Basil is one of the most fundamental herbs when it comes to Italian cooking.
It’s used to flavor sauces and vinaigrettes and it serves as a base for the ever-classic pesto. It’s also a major component of South East Asian cuisine.
Over 60 different varieties of Ocimum basilicum exist and they all have valuable medicinal properties.
Far From Just a Garnish
Basil tea can be used to treat stomach spasms, intestinal gas, loss of appetite, fluid retention, kidney conditions, head colds, warts, and intestinal parasites. It also lowers and stabilizes cholesterol levels.
The oil can even be applied to bites caused by non-poisonous snakes and insects (1).
It’s All in the Antioxidants
Basil is full of antioxidants that can help improve the symptoms of arthritis, IBS, and other inflammatory conditions (2,3,4,5).
More specifically, the herb contains beta-caryophyllene, which has anti-inflammatory, antibiotic, antioxidant, anti-carcinogenic properties (6).
In fact, one study published in the Journal of Agricultural and Food Chemistry found that “Basil essential oils and their principal constituents … exhibit antimicrobial activity against a wide range of Gram-negative and Gram-positive bacteria, yeast, and mold.”(7).
In regards to basil’s cancer-fighting properties, regular basil (not just holy basil) has the ability to reduce the size of tumors by inhibiting lipid peroxidation caused by free radicals.
It also inhibits the formation of lactate dehydrogenase, an enzyme involved in tumor initiation and metabolism (8).
Straight to the Heart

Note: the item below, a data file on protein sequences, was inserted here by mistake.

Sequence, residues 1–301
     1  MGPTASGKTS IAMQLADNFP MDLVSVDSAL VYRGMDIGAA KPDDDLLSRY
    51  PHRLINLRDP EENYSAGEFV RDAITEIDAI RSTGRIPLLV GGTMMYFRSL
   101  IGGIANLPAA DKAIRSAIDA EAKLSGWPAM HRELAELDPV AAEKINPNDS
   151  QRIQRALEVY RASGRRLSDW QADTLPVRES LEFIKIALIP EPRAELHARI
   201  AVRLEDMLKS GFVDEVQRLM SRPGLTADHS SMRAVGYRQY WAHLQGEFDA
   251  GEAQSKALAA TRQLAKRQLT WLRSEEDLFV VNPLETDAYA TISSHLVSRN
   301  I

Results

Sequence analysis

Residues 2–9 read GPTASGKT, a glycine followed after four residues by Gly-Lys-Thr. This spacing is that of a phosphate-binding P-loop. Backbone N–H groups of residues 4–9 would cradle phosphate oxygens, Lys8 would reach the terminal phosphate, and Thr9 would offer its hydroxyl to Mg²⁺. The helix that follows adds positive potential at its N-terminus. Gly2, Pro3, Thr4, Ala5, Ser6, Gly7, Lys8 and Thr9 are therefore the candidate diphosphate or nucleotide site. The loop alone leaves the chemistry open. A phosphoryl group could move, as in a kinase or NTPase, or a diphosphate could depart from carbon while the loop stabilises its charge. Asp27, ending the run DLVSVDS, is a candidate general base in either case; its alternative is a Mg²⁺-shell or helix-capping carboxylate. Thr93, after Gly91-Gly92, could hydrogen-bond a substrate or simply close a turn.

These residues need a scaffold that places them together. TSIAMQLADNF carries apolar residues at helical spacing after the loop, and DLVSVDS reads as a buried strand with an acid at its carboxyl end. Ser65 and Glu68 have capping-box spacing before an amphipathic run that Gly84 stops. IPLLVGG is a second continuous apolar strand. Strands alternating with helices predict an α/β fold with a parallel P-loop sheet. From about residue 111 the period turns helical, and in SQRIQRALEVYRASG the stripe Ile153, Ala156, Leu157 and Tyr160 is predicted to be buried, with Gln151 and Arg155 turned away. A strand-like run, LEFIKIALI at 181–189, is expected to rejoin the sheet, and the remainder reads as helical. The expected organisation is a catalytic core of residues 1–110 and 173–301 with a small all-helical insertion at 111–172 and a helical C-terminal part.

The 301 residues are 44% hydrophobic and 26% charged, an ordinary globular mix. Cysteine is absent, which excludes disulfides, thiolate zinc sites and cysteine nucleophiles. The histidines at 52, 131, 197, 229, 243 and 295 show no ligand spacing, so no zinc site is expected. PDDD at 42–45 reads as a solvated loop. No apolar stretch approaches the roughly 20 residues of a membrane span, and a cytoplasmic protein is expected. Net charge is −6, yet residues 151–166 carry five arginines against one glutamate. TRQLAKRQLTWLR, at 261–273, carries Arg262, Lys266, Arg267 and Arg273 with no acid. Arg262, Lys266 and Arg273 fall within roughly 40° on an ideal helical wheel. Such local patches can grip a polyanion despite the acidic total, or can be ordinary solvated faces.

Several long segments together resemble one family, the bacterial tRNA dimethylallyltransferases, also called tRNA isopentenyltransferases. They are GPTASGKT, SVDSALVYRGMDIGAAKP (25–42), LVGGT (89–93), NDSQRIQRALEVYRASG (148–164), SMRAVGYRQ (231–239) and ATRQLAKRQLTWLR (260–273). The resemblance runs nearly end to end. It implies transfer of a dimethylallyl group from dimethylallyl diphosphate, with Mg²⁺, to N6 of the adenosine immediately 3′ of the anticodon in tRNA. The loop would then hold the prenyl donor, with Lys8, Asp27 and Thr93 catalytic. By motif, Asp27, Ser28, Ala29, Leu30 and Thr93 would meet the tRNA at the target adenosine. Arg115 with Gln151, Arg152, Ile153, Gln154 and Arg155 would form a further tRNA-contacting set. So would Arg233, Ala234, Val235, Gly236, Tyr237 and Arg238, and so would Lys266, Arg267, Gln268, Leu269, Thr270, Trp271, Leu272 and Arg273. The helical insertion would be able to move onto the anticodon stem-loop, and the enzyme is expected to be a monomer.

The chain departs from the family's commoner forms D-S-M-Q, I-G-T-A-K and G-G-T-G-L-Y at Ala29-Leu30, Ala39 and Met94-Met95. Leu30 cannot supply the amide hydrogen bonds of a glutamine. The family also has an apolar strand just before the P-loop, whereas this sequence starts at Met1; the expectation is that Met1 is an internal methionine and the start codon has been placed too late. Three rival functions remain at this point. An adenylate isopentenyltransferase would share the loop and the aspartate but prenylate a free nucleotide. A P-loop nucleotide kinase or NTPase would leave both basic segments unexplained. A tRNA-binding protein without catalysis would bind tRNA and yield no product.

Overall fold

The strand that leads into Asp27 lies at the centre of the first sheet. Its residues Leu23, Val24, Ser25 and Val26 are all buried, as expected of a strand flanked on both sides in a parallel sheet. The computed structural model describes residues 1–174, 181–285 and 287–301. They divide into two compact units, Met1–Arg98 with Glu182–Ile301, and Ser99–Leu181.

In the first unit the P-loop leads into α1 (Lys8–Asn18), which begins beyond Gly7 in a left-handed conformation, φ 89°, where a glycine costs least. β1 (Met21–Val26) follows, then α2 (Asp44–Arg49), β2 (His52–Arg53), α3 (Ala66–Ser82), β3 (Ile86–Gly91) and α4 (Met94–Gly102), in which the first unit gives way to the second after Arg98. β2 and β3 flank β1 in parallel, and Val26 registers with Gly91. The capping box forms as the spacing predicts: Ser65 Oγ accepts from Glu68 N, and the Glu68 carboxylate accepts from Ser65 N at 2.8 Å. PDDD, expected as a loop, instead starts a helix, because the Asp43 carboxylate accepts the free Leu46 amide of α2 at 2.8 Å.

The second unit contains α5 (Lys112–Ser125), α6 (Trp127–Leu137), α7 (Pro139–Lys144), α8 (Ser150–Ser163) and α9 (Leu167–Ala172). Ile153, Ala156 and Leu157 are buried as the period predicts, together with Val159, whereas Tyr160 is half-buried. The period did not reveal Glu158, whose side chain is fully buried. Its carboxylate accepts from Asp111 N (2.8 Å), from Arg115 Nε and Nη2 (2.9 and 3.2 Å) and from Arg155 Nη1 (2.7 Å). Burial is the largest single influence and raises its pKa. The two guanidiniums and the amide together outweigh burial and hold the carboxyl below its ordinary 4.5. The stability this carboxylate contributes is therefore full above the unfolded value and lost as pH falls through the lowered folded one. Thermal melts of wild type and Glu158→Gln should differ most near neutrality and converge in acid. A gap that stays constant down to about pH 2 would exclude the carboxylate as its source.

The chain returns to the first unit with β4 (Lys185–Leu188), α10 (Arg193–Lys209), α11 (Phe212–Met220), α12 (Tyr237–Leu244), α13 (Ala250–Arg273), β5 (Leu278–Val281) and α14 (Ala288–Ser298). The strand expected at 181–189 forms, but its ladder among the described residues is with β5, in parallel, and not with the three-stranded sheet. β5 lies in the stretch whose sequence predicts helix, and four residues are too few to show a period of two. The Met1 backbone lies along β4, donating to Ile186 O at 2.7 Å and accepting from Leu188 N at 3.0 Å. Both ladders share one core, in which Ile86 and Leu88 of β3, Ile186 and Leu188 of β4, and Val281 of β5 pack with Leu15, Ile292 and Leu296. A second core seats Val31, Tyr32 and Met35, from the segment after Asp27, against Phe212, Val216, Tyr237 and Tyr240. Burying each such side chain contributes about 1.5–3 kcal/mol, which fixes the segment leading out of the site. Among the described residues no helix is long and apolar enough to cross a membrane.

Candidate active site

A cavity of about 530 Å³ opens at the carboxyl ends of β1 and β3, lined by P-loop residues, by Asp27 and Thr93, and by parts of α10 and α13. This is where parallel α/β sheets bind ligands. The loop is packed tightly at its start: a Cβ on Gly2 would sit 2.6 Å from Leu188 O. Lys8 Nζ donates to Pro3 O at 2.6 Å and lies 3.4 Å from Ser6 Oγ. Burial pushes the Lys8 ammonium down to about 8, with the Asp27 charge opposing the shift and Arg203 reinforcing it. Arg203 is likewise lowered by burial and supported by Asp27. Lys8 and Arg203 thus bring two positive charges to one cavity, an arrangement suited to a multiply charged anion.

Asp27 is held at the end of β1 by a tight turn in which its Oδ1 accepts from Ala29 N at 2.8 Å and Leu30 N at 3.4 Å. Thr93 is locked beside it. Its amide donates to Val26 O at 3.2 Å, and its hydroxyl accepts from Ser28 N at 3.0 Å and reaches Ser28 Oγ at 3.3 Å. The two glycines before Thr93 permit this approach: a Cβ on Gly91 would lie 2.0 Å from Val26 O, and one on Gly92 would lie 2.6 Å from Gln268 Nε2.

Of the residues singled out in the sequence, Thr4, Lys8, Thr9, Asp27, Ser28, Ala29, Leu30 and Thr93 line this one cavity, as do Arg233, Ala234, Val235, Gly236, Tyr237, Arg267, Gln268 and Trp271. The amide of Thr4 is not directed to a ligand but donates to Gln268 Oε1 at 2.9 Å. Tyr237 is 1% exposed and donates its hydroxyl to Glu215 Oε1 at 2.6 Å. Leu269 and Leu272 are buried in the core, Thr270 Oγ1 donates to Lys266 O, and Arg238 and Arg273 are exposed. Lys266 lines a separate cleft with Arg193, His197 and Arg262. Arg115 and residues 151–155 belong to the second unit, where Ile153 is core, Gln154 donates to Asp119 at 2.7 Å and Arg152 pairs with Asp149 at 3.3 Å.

Basil can help improve heart health and the function of the cardiovascular system as a whole.
Because it contains magnesium, eating lots of basil can help improve abnormal heart rhythms and low blood pressure as well as prevent coronary heart disease.
And it’s not just a prevention tool: if you’ve suffered a heart attack, eating more basil and other magnesium-rich foods will speed along your recovery (9,10).
It’s also a good source of vitamin C, calcium, potassium, and iron.
How To Cook With Basil
In order to preserve the flavor and nutrients of this fragrant herb, add it to your dish only at the last minute. Although dried basil is highly popular, it’s always best to use fresh basil and it’s very easy to grow at home!
To get a large dose of the herb all at once, make a pesto by combing 3 handfuls of chopped basil, half a clove of garlic, a handful each of toasted pine nuts and shredded parmesan cheese and a drizzle of olive oil into a food processor. Pulse for a few seconds and add a bit more olive oil, a pinch of salt and pepper and a squirt of lemon. Continue pulsing until smooth and serve.
If you’d rather drink it as a tea, simply steep a few leaves in a cup of hot water for 8 minutes or so.